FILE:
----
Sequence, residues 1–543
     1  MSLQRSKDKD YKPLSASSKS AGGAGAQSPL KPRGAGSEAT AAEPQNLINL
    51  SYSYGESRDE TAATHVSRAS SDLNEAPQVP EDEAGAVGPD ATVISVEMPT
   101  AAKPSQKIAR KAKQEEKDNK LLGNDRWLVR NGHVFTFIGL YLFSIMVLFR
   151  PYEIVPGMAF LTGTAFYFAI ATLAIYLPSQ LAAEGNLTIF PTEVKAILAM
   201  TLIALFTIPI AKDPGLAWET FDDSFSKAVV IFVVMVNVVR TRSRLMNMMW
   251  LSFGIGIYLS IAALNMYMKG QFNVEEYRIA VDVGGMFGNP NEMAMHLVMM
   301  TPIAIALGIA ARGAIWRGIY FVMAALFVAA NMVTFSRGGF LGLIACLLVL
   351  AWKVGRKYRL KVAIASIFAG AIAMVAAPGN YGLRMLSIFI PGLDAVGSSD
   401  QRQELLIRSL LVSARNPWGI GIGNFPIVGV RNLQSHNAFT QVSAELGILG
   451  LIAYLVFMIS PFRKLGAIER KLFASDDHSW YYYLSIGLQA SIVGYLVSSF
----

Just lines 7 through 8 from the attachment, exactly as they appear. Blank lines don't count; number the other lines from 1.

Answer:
   251  LSFGIGIYLS IAALNMYMKG QFNVEEYRIA VDVGGMFGNP NEMAMHLVMM
   301  TPIAIALGIA ARGAIWRGIY FVMAALFVAA NMVTFSRGGF LGLIACLLVL